Okay so like I’m middle aged.  I think middle aged people tend to conduct their affairs in pretty much the same way.  Middle aged people tend to reflect on their lives and decide ultimately that people, more than things, are important.  I know that is true for me and I think is the reason why the fastest growing demographic on Facebook are people in middle age.  We are trying to recover those connections that we lost on the road to getting somewhere.  Middle aged people have acquired all the things they want or have adjusted their wants not to want so much and start to clear the clutter from their lives.  A few years ago my home flooded.  I was racing about the house trying to save things that were doing their best to die a water-logged death.  I realized then that I had way too many things.  A friend remarked as she viewed my personal possessions strewn about the back yard to dry, that my yard looked like the Sanford and Son junk yard. I began to de-clutter then out of necessity, but clutter is the natural state of our lives and de-cluttering requires conscious living and constant vigilence. Middle aged people also tend to become more frugal.  Retirement is just around the corner and we have to think about that.  A friend of mine recently told me about a trip out with his wife.  She wanted to go out for a burger.  He checked the fridge to see if they had the ingredients to make a burger at home.  They did not. Realizing that they would have to eat out, my friend grabbed a slice of American Cheese and put it in his breast pocket. He wanted to save the cost of the cheese for the cheeseburger.  My same friend enjoys a glass of wine with dinner.  The problem is that drinks with a meal can increase the tab by 30% to 50% and the mark up on beverages is routinely 300%.  So his solution is to bring his own wine and have a glass in the parking lot before going into the restaurant. While I don’t port my own cheese and wine, there are things that I do to save money.  All of my friends enjoy life,  time with their families,and  sharing the occasional meal out and traveling, what we all have in common is the desire to plug the crazy money leaks that can keep us from doing those very things.  I use online banking to save both time and money.  If you use online banking the customer service division at your bank is at your disposal should a payment go missing. Years ago I would have to wait for a check to clear then obtain a copy of that check to prove that I made a payment  No so with online banking, they have an electronic trail and they will make contact with your “payees” should your payment go missing.  I recently had an experience in which my bank caught one of my service providers holding a payment until it generated a late fee before crediting my account.  I ditched that service provider and got a cheaper plan with a competitor. I canceled my cable/dish subscription.  Most households spend over a thousand bucks a year on those subscription services.  You would have to become a zombie in front of the TV in order to get enough “value” to justify that cost.  I watch TV on the Internet instead.  Fewer commercials, less time to watch each show and I only watch what I want to watch when I want to watch it.  I reuse ziploc bags and aluminum foil.  As a result I only buy those items once a year.  I buy Amway SA8 laundry detergent.  It is super concentrated, eco-friendly, hypoallergenic, dissolves completely in the wash, gets my clothes clean and I only have to buy it once a year. Even though rates of return for savings are ghastly at all banks, I use virtual banks for my savings.  They offer higher rates and are FDIC insured.  I use a frequent flier credit card for charges I would make anyway, utilities, groceries and gas, and redeem the points for flights.   Since 2005 I have saved $1000 per year in air fare.  I negotiate big ticket items.  My money is very patient, I don’t have to spend it right away and, as a result, before making a purchase I ask, “can you do any better?” If I am shopping online and find an item I like, I always Google that item to see if I can find it cheaper. I almost always can.  I keep a “most wanted” list to curb impulse buying.  I am storing my DVDs and CDs in iTunes so that I can donate the hard copies and continue to de-clutter my life.  We have a garden and eat at home.  We go out maybe 4 times a month.  I don’t slavishly shop at Wal-Mart assuming I am getting the best quality for the deal.   I shop at Wal-Mart, Safeway and the local food co-op.  I had an electrician install a digital, programmable thermostat.  It has saved 20% on my heating costs.  I hire professionals to do work that I have either no business doing or work that isn’t in my best interest to do.  I am a big “do it your selfer”. But being a DIYer can put you in a time and financial hole as deep and as wide as the Grand Canyon (okay that is hyperbole but you get the point).  The trick is to figure out the tasks I should do and the ones I should not do.  Let’s go back to the thermostat.  I had it for 6 months before it was finally installed.  The instructions and the wiring that went with it were very complicated and carried dire warnings that a wiring mistake could result in furnace damage.  I added the installation onto a planned project that required an electrician, the thermostat got installed and I am saving money which wouldn’t have been the case if I had clung to my DIY tendencies.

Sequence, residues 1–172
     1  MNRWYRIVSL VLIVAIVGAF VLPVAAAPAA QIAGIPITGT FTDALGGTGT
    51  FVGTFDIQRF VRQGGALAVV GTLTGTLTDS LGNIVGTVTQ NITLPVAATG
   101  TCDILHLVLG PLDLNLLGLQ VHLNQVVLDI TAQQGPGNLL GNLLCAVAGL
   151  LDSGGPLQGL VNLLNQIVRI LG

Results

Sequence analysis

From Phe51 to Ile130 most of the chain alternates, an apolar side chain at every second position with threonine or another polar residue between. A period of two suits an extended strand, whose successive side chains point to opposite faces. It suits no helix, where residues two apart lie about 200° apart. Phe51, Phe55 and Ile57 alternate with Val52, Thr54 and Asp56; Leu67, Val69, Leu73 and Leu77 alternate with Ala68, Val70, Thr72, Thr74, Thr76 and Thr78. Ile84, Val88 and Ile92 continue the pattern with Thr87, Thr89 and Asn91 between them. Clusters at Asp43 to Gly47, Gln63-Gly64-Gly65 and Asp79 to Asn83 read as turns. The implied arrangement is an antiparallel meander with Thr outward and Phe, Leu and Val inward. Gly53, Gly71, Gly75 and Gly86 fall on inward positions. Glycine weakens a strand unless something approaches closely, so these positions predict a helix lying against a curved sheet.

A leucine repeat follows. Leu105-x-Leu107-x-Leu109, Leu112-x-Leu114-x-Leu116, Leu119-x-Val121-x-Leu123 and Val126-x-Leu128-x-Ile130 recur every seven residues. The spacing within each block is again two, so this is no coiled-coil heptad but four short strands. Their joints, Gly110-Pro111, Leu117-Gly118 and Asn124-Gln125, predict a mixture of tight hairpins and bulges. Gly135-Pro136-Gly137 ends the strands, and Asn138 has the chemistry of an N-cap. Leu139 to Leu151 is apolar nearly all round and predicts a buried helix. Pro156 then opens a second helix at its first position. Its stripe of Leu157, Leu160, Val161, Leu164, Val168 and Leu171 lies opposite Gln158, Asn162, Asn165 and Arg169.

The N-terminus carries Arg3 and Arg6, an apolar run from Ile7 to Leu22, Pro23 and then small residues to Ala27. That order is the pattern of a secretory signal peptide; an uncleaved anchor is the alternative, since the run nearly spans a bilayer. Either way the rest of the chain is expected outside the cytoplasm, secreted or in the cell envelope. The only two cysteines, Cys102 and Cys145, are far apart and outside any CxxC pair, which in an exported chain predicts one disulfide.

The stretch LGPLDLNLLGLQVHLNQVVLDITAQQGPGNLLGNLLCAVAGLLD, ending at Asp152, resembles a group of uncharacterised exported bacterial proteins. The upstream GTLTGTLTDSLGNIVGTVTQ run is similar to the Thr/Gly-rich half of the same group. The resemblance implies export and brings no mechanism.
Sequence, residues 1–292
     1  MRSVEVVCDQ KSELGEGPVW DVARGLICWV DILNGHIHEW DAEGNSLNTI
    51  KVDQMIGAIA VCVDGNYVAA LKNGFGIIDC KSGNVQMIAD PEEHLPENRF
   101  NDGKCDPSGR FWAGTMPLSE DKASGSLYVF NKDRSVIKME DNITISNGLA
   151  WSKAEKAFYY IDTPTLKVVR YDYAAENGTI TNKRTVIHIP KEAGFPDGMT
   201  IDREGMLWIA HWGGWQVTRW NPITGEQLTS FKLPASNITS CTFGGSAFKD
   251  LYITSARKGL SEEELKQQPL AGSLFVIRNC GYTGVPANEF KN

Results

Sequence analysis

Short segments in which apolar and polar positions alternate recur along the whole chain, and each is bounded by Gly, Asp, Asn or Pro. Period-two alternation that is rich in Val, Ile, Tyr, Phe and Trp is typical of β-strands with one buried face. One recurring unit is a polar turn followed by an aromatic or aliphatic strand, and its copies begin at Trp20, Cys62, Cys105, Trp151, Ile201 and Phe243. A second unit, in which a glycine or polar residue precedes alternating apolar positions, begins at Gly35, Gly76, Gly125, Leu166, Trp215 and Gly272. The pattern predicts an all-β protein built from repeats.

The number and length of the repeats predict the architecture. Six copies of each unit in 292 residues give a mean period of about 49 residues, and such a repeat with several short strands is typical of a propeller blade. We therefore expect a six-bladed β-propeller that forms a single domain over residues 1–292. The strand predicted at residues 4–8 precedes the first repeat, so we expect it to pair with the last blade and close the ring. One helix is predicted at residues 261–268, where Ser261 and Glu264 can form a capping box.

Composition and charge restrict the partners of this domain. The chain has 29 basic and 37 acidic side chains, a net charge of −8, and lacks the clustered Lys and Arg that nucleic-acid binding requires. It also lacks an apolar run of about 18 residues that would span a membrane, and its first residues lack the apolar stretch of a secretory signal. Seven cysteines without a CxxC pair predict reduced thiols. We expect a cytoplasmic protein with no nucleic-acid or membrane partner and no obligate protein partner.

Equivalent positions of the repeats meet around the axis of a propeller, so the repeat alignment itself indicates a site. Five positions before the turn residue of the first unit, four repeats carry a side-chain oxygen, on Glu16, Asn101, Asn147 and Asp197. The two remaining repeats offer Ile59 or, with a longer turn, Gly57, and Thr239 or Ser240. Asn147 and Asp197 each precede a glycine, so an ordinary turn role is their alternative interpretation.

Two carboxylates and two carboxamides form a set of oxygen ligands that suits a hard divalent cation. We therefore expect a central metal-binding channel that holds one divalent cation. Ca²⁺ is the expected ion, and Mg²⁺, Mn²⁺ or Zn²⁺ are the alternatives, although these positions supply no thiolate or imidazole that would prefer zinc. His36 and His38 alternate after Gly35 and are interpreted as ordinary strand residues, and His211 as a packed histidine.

I would love to know about those cheap things you do!